ARCHERY—LON STANTON, 51-year-old curio dealer from Lake Ozark, Mo., shot with precision to regain his instinctive (without sights) title and become top bowman at the national field championships in Crystal Springs, Ark. Theresa Carter of San Francisco captured the women's title. In the freestyle (with sights), Robert Kadlec of Rochester, Minn, took the men's division, Ann Clark of Cincinnati the women's. Darryle Blank of Cedar City, Mo. won the amateur instinctive. Bob Sevey of Mound, Minn, the freestyle.
BOATING—In the first North American Finn championships ever held on the West Coast FRED MILLER JR., from the Bahia Corinthian YC of Newport Beach, Calif, sailed his 15-foot Seaweed IV to victory with six firsts and one fifth. Another Californian, Roland Whitaker, was second in the regatta, held at Long Beach, while New York's defending champion, Glen Foster, placed ninth. Miller earned the right to represent the U.S. in the world championships in Germany this August. BE BE TOO. 37-foot yawl owned and skippered by Jack Medendorp of Muskegon, Mich., won the 79-mile Queen's Cup race across Lake Michigan.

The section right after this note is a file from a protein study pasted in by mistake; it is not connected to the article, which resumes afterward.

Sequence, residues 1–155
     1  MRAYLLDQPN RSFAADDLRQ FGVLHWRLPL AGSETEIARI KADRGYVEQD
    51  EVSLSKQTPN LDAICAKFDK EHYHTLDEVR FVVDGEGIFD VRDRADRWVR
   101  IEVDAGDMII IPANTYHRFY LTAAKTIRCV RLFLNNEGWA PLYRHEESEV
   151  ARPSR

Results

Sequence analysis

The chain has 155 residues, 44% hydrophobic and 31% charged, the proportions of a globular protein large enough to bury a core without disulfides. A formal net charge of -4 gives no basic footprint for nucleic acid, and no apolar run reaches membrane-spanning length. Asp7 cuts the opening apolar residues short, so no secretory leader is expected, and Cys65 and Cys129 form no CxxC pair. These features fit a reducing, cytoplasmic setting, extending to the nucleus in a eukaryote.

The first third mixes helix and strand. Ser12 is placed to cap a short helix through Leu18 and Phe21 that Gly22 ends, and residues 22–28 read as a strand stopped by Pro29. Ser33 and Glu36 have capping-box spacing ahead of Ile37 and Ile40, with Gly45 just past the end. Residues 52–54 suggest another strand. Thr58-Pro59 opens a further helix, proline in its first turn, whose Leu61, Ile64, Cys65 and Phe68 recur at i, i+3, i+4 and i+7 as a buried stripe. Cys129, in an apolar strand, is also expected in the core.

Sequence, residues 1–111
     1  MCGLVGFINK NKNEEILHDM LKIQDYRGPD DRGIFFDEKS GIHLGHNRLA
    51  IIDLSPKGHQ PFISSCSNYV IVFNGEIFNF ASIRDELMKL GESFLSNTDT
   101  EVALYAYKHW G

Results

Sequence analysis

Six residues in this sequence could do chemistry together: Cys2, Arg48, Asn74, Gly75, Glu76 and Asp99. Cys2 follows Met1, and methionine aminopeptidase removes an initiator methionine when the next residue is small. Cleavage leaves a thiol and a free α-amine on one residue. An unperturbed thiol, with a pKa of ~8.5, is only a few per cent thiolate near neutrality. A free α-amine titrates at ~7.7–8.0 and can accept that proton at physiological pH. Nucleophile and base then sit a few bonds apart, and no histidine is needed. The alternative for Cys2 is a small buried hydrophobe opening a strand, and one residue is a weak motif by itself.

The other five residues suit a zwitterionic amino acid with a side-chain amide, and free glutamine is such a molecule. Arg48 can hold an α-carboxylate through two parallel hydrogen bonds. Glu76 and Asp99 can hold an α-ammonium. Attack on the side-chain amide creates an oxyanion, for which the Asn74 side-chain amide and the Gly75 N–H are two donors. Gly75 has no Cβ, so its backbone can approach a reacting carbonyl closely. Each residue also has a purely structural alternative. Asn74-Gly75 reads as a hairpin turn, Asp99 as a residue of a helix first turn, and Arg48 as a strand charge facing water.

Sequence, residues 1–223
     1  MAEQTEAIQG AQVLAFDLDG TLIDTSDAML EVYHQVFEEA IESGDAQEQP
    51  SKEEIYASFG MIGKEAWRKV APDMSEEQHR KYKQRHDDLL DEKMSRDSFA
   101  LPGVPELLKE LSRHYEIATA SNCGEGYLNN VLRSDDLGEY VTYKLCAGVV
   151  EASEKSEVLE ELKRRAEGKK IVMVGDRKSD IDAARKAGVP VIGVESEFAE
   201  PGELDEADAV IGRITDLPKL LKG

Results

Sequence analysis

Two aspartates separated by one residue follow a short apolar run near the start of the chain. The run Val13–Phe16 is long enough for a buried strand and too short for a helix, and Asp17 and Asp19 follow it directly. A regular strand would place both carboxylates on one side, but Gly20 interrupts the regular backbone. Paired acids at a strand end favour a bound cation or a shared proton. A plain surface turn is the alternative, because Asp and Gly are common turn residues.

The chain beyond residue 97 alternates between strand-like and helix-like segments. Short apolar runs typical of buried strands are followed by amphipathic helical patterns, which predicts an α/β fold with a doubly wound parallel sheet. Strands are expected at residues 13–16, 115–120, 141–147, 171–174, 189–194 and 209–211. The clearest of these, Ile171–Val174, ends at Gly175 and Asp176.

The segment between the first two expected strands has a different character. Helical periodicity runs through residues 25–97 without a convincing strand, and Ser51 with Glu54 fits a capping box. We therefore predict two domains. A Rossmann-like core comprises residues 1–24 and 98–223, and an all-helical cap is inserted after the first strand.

BOWLING—DALE WHISLER of Dayton, Ohio took top prize of $28,850 over 12,000 other bowlers in the marathon, six-month Petersen Classic that ended last week in Chicago. Whisler rolled his eight-game score of 192, 178,242,278,267, 184, 187 and 161 for 1,689 points last February, finished a comfortable 32 points ahead of runner-up Frank Sospirato of Warrensville, Ohio.
BOXING—HAROLD JOHNSON, NBA light heavyweight champion, proved the faster man with the heavier punches in fight against Eddie Machen, No. 2 contender for the heavyweight crown, winning a close decision in Atlantic City (see page 12).
Pone Kingpetch of Thailand successfully held off young Japanese challenger Mitsunori Seki for 15 rounds to retain his world flyweight title with a split decision in Tokyo.
Cassius Clay, Olympic champion turned pro, continued his slow but steady climb up the heavyweight ladder with a 10-round decision over Kolo Sabedong of Hawaii in Las Vegas.
George Chuvalo, Canadian heavyweight champion, bounced Willi Besmanoff to the canvas six times in the second round at Toronto, finished him off in the fourth with a climactic left hook.
Jose Torres, middleweight, needed only three rounds to extend his undefeated record to 22 victories, using a snappy right to the jaw to KO Ike White in Boston.
Alejandro Lavorante of Argentina, heavyweight, using a quick right to good advantage, won his 14th victory in 15 bouts with a 10-round decision over Monroe Ratliff in San Francisco.
GOLF—MICKEY WRIGHT of San Diego, after a disconcerting 80 on the second round, came from four strokes behind to win her third Women's Open, at Springfield, N.J., with a 5-over-par 293. Runner-up: Betsy Rawls, with a 299 (see page 18).